IV. Exhaustion Doctrine

"A fundamental prerequisite to federal habeas relief under § 2254 is the exhaustion of all claims in state court prior to requesting federal collateral relief." Whitehead v. Johnson, 157 F.3d 384, 387 (5th Cir. 1998) (citing Rose v. Lundy, 455 U.S. 509, 519-20 (1982)); see also Preiser v. Rodriguez, 411 U.S. 475, 500 (1973); Nobles, 127 F.3d at 419. "A federal habeas petition should be dismissed if state remedies have not been exhausted as to all of the federal court claims." Whitehead, 157 F.3d at 387 (citing Rose, 455 U.S. at 519-20; 28 U.S.C. § 2254(b)(1)(A)).

The well-established test for exhaustion requires that the substance of the federal habeas claim be fairly presented to the highest state court. Whitehead, 157 F.3d at 387 (citing Picard v. Connor, 404 U.S. 270, 275-78 (1971)). "[S]tate prisoners must give the state courts one full opportunity to resolve any constitutional issues by invoking one complete round of the State's established appellate review process, " including discretionary review when that review is part of the State's ordinary appellate review procedures. O'Sullivan v. Boerckel, 526 U.S. 838, 845 (1999). "A federal court claim must be the substantial equivalent' of one presented to the state courts if it is to satisfy the fairly presented' requirement." Whitehead, 157 F.3d at 387 (citing Picard, 404 U.S. at 275-78). "This requirement is not satisfied if the petitioner presents new legal theories or new factual claims in his federal application." Whitehead, 157 F.3d at 387 (citing Nobles, 127 F.3d at 420); Wilder v. Cockrell, 274 F.3d 255, 259 (5th Cir. 2001).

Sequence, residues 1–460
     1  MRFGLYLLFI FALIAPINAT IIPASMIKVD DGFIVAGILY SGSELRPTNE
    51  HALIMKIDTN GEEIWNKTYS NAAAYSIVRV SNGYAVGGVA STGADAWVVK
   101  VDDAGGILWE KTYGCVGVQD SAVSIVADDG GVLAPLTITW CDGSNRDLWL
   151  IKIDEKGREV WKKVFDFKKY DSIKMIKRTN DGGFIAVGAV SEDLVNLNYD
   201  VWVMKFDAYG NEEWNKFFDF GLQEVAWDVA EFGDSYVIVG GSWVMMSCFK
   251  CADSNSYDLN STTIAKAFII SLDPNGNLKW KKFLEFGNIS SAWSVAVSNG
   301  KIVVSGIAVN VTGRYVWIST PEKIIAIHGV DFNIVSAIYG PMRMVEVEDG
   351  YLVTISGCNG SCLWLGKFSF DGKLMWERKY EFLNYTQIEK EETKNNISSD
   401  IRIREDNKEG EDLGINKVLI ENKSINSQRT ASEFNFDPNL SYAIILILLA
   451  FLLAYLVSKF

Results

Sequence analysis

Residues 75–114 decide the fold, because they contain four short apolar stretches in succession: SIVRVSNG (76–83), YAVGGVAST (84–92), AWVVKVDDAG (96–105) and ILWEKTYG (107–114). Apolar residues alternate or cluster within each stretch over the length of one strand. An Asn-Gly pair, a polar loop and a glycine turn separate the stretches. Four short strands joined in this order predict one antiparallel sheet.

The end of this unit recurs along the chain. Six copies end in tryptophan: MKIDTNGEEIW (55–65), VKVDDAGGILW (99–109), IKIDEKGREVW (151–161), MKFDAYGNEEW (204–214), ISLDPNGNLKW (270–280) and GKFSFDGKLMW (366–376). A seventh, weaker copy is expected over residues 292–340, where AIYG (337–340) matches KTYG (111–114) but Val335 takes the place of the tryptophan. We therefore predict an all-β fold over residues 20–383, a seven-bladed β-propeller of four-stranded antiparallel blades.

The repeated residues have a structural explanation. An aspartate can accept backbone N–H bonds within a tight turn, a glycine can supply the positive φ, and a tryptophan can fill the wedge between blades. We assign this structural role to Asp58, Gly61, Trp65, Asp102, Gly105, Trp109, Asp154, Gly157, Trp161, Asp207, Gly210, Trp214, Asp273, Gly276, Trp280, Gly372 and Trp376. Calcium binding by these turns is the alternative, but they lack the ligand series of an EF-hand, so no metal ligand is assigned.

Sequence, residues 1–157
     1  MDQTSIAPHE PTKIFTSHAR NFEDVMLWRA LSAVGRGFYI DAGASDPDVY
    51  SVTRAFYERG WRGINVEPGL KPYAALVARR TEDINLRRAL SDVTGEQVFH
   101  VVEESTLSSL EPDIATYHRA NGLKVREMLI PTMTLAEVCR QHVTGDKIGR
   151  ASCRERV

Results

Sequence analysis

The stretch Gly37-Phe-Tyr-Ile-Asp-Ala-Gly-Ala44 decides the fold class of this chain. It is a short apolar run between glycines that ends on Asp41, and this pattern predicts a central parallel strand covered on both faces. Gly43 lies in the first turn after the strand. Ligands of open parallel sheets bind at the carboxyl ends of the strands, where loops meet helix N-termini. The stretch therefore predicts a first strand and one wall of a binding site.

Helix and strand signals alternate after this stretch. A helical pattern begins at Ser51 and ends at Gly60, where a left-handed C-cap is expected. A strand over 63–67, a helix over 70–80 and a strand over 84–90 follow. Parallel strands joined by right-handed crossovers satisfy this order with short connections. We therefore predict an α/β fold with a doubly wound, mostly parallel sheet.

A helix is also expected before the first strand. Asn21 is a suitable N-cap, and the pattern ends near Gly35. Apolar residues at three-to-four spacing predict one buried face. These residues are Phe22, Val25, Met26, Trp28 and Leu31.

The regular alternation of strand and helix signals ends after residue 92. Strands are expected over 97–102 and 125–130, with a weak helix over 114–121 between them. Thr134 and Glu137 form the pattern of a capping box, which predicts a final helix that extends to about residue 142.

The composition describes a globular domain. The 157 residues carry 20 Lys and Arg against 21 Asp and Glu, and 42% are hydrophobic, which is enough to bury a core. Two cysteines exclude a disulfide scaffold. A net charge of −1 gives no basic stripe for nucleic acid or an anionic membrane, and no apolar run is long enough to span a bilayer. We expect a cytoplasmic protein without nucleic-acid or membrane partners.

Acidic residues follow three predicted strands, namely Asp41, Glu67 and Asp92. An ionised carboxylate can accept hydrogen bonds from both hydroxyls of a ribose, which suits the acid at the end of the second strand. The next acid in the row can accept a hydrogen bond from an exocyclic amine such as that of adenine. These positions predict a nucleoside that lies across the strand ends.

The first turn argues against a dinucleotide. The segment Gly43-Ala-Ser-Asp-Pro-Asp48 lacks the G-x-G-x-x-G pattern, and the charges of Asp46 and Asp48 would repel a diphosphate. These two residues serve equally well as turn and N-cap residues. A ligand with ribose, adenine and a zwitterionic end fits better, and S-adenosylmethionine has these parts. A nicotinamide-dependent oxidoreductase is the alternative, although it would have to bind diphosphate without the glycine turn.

For exhaustion purposes, it also is not enough for a petitioner to have raised the claims in the lower state courts if the claims were not specifically presented to the state's highest court. Baldwin v. Reese, 541 U.S. 27, 32 (2004). Furthermore, a petitioner does not fairly present a claim to the state's highest court if that court must read beyond the petition or brief, such as a lower court opinion, to find a claim not otherwise specifically raised. Id., at 32. When ineffective assistance of counsel is raised in the state courts, the claim is not exhausted where the petitioner did not raise or mention the same basis in the state court proceedings that are asserted in a federal petition. See Ogan v. Cockrell, 297 F.3d 349, 358 (5th Cir. 2002) ("Because Ogan is now proceeding on a different theory than that advanced in the state habeas court, we find this ineffectiveness of habeas counsel claim to be unexhausted."); Burns v. Estelle, 695 F.2d 847, 849-50 (5th Cir. 1983) (factual bases underlying the ineffective assistance of counsel claim were "significantly different" from those raised in state court, and therefore, were not exhausted).

The record reflects that Frith's counsel filed a writ application in the Louisiana Supreme Court seeking review of the first three claims raised in this federal petition and that writ application is still pending review in the state court. Until such time as the Louisiana Supreme Court completes its review, the claims remain unexhausted.